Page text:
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ARS Home » Plains Area » Fargo, North Dakota » Edward T. Schafer Agricultural Research Center » Sunflower and Plant Biology Research » Research » Publications at this Location » Publication #404737

Research Project: Genetic Enhancement of Sunflower Yield and Tolerance to Biotic Stress

Location: Sunflower and Plant Biology Research

Title: Survival analysis of freezing stress in the North American native perennial flax, Linum lewisii Pursh.

item GOSSWEILER, ANDRE - North Dakota State University
item Hulke, Brent
item SMART, BRIAN - North Dakota State University

Submitted to: AoBP (Annals of Botany PLANTS)
Publication Type: Peer Reviewed Journal
Publication Acceptance Date: 3/6/2024
Publication Date: N/A
Citation: N/A

Interpretive Summary: Flax is grown for use in foods and nutritional supplements as a plant-based source of omega-3 fatty acids. Omega-3 fats are required for proper cardiovascular function in humans, but are required in the diet as humans lack the enzymes to generate them. A perennial species of flax, Lewis flax, is a stress-tolerant plant that produces the same omega-3 fats as traditional annual flax but has traits that benefit agriculture, such as deeper roots for water and nutrient uptake and the ability to use the entire growing season. In order to maintain perennial habit, it must be freeze tolerant. In this paper, the authors surveyed available collections of Lewis flax for freezing tolerance using a laboratory based method. Plants with excellent growth rates and survival beyond the lowest observed soil temperatures were discovered, providing excellent materials for breeding Lewis flax for cultivation. This will contribute useful knowledge to the domestication and commercialization of Lewis flax for sustainable agriculture.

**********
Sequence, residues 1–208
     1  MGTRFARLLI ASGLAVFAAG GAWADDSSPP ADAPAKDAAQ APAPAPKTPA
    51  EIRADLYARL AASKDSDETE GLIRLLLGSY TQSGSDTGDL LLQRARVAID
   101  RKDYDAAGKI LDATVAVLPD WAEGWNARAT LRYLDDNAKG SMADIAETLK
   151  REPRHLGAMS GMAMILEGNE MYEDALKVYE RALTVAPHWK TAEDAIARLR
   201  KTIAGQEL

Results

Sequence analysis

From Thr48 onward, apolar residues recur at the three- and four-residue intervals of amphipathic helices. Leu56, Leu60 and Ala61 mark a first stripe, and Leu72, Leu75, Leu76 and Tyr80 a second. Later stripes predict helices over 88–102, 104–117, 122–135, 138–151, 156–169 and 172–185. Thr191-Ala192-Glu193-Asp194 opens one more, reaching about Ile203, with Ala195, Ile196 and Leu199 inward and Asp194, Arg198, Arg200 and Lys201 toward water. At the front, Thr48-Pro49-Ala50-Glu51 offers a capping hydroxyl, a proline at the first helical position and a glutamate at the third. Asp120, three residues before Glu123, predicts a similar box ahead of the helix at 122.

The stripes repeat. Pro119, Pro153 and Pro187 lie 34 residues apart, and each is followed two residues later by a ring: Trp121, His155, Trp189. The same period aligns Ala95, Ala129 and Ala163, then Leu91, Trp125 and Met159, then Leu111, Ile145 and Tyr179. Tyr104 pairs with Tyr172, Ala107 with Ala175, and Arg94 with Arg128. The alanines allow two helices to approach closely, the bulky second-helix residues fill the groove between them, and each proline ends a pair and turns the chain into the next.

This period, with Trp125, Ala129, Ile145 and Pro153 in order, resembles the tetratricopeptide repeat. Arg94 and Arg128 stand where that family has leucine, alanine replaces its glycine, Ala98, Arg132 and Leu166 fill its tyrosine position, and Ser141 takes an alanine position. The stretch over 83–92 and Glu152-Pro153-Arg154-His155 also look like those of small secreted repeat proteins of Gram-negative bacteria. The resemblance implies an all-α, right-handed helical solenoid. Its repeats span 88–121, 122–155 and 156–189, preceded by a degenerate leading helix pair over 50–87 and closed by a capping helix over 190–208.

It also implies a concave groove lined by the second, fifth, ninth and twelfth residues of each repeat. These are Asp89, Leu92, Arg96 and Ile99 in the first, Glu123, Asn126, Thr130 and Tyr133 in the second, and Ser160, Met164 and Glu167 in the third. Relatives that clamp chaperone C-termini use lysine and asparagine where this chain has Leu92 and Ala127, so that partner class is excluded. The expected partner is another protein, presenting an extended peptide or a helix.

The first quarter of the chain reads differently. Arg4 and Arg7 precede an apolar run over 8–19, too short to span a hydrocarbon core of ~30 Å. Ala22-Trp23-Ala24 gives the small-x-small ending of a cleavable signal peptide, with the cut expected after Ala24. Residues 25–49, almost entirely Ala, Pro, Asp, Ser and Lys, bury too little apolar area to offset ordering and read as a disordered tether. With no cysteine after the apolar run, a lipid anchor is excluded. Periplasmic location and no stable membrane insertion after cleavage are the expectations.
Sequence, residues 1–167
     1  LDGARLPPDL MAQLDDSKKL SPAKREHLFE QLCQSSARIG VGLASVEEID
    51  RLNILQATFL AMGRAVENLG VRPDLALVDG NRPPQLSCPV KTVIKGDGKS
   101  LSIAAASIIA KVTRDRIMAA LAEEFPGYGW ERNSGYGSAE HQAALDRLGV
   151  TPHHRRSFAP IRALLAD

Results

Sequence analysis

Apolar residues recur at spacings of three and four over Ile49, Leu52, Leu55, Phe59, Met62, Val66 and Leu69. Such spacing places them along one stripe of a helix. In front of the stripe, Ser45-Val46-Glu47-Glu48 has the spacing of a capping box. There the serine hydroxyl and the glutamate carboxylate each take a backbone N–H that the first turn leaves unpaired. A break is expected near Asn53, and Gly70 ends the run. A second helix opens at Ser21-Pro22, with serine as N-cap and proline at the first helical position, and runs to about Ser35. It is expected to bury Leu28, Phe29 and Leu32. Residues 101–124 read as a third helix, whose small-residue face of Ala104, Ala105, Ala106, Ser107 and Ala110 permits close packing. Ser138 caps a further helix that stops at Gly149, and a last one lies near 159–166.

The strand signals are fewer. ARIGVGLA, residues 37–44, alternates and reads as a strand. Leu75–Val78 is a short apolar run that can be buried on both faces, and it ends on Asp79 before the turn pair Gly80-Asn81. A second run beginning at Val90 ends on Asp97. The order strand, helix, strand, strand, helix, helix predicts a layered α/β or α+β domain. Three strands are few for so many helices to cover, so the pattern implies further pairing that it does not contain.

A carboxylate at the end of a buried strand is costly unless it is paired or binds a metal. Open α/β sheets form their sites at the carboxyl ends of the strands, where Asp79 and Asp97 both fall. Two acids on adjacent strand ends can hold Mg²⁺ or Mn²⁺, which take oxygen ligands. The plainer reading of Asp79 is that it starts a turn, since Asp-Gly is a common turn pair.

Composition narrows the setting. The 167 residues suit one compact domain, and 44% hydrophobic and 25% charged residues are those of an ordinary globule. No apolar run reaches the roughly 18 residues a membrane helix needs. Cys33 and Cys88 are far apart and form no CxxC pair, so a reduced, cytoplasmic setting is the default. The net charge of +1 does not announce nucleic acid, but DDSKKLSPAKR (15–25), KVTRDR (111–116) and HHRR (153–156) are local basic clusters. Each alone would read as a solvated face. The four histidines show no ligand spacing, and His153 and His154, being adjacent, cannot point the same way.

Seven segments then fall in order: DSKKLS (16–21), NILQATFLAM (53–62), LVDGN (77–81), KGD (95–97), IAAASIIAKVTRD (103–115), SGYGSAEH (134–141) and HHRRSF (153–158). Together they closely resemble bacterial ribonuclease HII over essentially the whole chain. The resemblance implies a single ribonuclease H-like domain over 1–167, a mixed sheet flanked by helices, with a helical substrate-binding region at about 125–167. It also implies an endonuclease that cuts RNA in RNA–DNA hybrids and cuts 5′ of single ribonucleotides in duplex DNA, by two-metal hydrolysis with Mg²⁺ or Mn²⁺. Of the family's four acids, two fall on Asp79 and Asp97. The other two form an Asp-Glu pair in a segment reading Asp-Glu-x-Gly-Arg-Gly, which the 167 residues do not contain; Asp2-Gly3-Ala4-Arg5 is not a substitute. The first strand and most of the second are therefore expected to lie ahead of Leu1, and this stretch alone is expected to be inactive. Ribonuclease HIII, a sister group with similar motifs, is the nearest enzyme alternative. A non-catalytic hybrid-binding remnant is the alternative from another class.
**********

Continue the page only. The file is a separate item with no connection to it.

Technical Abstract: The expansive range of Lewis flax (Linum lewisii Pursh.), an herbaceous perennial, exposes the species to a diversity of climatic conditions. As interest in the domestication and adoption of perennial crop alternatives grows and interest in this species for natural area restoration continues, the assurance of a commercial plant variety’s ability to endure the full range of possible climatic extremes is paramount. This study examines the freezing tolerance of a geographically representative sampling of 44 Lewis flax accessions at winter temperature extremes experienced in the northern Great Plains of the United States. Survival analysis models were adapted to include temperature exposure, in replacement of ordinal time typically used in such models, to produce statistics evaluating reactions to extreme temperatures that Lewis flax would encounter in our field environments. Our results revealed Lewis flax is more freezing tolerant than previously reported, and revealed four accessions with significantly superior genetic freezing tolerance than the released ‘Maple Grove’ cultivar. Furthermore, regrowth analyses indicate variation among accessions not associated with survival, which could lead to improving regrowth rate and survival simultaneously. These findings and their methodology expand the understanding of Lewis flax adaptation for winter hardiness and offer an efficient, new model that can be used to evaluate freezing tolerance at ordinal temperatures without requiring extensive prior physiological knowledge for a species.